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on 18 April 2009
I bought this book 'on spec' and, to begin with, found it a fascinating and thought-provoking read. However, I finished it feeling rather disappointed.

The present book begins with an exploration of some traditional Buddhist concerns and a discussion of the meta-ethics of Buddhist teachings, locating its concerns, with some reservations, in the domain of virtue ethics.

It has an interesting section on the lack of a tradition of formal ethical thinking within Buddhism, although the given explanations relied too much on external factors such as politics. Perhaps more could have been made of the absolute - and therefore perhaps unspoken - centrality of ethics to the Buddhist way of life?

In the next chapters I began to feel a little worn down. The author takes a topical theme in each chapter and presents a potential Buddhist approach to each subject. This whistlestop tour to modern morality takes in abortion, cloning, ecology, sexuality and war and terrorism.

These are weighty, worthy subjects - and you can't fault the author's sincerity in attempting to shed some light on aspects of great concern in our world.

However, I felt the approach was a little heavy handed and was rather too focused on the metaphysical aspects of Buddhism - in particular, Karma. To my mind the urgent relevance of Buddhism lies in its practical applications.

Karma, rather than being a hard-to-believe doctrine of death and rebirth, should be seen, allied to mindfulness, as a pathway toward enlightenment in the world around us today.

As a result of the over-emphasis on metaphysics the book became laden down with a rather conservative and punitive worldview of right and wrong, not unlike the religiosity of some of our Christian churches.

I also found the book's rather cursory and unrepresentative mention of Zen Buddhism a little perplexing.

The book does have a good discussion of the concept of engaged Buddhism, and it has made me aware of the online Journal of Buddhist Ethics (Keown is the founding editor of the journal).

Overall, the book was interesting but there are better guides available.
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The main part of this book presents a diversity of views of different Buddhists about sexuality, just war, terrorism, abortion, suicide, euthanasia, cloning and stem cells. The description of Buddhism s such covers only twenty pages. This is not a book for beginners. In order to evaluate these different views the readers need considerable knowledge about Buddhism. Just to take one example, the concept of "emptiness." This is a very important subject difficult to understand. "Emptiness" refers to the concept that nothings exists without a cause, that nothing is permanent, that everything is interdependent, in other words there exists nothing "on its own" usually referred to as "inherently". "Emptiness" is presented in the book as a concept that can provide justification for taking life of others with equanimity. This was the opinion of a Japanese nationalistic Buddhist in the context of war. This in my view is not a helpful illustration of "emptiness". In the context of war the Dalai Lama believes self-defense is justified.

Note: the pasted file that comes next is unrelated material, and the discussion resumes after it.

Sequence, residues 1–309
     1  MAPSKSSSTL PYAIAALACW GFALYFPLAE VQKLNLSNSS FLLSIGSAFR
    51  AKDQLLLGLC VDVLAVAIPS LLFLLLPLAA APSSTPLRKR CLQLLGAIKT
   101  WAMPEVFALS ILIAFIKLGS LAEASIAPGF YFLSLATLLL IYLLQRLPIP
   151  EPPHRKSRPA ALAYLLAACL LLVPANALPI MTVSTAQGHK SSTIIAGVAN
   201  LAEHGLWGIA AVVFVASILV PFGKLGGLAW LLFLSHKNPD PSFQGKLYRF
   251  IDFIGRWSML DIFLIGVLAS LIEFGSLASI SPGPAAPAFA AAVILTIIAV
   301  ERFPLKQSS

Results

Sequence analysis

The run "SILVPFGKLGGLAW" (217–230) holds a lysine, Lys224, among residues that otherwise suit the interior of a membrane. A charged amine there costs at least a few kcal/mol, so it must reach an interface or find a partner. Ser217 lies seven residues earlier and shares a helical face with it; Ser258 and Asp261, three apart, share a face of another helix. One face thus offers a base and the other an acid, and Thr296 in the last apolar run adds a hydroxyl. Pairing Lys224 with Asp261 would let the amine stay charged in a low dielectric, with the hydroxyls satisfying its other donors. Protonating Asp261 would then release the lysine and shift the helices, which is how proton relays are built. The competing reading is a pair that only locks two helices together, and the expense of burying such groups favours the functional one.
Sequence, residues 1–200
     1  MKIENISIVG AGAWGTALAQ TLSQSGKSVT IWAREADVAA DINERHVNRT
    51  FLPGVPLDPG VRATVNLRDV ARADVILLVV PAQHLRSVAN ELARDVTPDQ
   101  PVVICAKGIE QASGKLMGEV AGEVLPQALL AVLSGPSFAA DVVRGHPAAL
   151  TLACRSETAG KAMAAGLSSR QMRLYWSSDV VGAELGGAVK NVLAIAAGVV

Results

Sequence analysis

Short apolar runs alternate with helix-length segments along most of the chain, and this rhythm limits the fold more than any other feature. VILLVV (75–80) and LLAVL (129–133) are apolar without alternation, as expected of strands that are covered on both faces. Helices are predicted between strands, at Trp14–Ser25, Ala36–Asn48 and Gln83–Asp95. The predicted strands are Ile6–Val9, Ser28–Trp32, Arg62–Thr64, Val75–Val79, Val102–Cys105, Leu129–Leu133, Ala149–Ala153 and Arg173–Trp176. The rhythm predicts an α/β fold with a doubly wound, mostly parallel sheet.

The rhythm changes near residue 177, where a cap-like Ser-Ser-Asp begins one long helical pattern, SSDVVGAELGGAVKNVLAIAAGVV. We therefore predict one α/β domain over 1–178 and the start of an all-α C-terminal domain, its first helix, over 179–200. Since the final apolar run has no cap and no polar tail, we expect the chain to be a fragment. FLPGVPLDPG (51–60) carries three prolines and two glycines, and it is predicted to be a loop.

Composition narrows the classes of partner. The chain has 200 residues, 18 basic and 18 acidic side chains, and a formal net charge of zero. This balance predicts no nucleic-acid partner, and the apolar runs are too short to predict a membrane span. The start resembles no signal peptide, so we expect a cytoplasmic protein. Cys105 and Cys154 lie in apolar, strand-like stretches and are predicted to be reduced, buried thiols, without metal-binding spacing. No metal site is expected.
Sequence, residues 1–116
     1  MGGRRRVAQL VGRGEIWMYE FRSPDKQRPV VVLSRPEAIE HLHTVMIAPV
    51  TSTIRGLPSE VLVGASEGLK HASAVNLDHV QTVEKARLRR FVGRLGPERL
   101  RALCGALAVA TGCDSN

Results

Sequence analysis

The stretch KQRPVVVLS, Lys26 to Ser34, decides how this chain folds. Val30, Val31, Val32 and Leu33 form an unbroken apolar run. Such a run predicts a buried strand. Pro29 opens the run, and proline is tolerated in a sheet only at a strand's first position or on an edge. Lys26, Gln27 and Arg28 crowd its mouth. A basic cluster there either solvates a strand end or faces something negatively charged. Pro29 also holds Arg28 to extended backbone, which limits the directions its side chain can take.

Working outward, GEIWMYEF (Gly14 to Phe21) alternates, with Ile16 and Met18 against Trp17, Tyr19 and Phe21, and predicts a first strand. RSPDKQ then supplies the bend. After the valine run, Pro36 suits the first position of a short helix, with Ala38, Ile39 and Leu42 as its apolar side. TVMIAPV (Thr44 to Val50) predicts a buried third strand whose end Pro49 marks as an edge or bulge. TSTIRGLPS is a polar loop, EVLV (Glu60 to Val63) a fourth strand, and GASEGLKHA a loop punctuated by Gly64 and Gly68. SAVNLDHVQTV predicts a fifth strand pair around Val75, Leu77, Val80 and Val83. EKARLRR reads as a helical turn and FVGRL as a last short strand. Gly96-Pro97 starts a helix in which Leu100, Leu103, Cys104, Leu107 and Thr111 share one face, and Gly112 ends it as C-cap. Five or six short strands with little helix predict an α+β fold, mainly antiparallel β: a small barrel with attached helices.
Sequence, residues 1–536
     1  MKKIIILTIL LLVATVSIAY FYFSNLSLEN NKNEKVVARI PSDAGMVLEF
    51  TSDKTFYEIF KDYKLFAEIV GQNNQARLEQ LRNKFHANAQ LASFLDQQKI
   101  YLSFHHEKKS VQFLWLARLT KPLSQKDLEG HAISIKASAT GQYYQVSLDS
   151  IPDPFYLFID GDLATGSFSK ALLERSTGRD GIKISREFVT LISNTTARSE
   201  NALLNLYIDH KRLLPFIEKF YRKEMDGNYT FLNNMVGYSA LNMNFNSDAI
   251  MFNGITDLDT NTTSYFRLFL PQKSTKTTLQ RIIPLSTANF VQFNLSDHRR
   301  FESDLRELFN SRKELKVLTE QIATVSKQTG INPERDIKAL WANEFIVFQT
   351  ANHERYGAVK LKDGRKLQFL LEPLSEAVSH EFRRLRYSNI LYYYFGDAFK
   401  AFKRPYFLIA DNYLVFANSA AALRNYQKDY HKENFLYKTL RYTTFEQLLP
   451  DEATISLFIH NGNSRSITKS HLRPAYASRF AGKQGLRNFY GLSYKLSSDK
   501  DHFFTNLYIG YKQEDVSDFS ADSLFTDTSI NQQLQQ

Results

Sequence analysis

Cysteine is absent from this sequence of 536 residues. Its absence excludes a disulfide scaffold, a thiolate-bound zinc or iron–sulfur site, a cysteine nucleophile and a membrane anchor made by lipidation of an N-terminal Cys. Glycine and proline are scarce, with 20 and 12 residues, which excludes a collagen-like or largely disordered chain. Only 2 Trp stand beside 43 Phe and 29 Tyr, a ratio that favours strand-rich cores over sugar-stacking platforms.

The author does indicate that the book requires prior knowledge and also that those that want to develop a more comprehensive understanding should read "Buddhist Ethics" by Hammalawa Saddhatissa and "Introduction to Buddhist Ethics" by Peter Harvey with which I completely agree. I also suggest " Beyond Religion", "Ethics for a whole world" by the Dalai Lama.

This diversity of views the author presents on the subjects treated is not unique for Buddhism. That is the same in Christianity and Islam. All spiritual traditions have some extremist adherents with views that are far removed from the intentions of the founders. In summary the book is interesting for those that would like to compare different Buddhist views on very important ethical issues with the differing views in other spiritual traditions.
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This is a very useful introductory book for anyone who is interested in Buddhist ethics, its principles and sources, and the answers it gives to some of the most pressing ethical questions of today. The first couple of chapters are dedicated to the historical origins and basic principles of Buddhist ethics. The bulk of the book, however, is aimed at someone who is already familiar with Western ethical traditions, and tries to show how the Buddhist teachings relate to those. In particular, the questions of animal and environmental rights, sexuality, war and terrorism, suicide and euthanasia, and cloning each get a separate chapter. In these chapters the naive impression of Buddhism as a very laid-back and permissive ethical tradition is challenged, and the author shows that the basic answers to those ethical dilemmas in Buddhism are not that far away from similar answers given in theJudeo-Christian ethics.

Overall, this is a very enlightening and informative reading. I highly recommend it.
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on 12 October 2008
Keown is without doubt a leading scholar in this area and makes the topic accessible to his readers. He makes very difficult subject matter understandable and interesting. I highly recommend this book and this author.
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on 8 February 2015
Good book to find about Buddhist Ethics. Needs concentration but is worth the effort.
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on 9 February 2016
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on 31 May 2016
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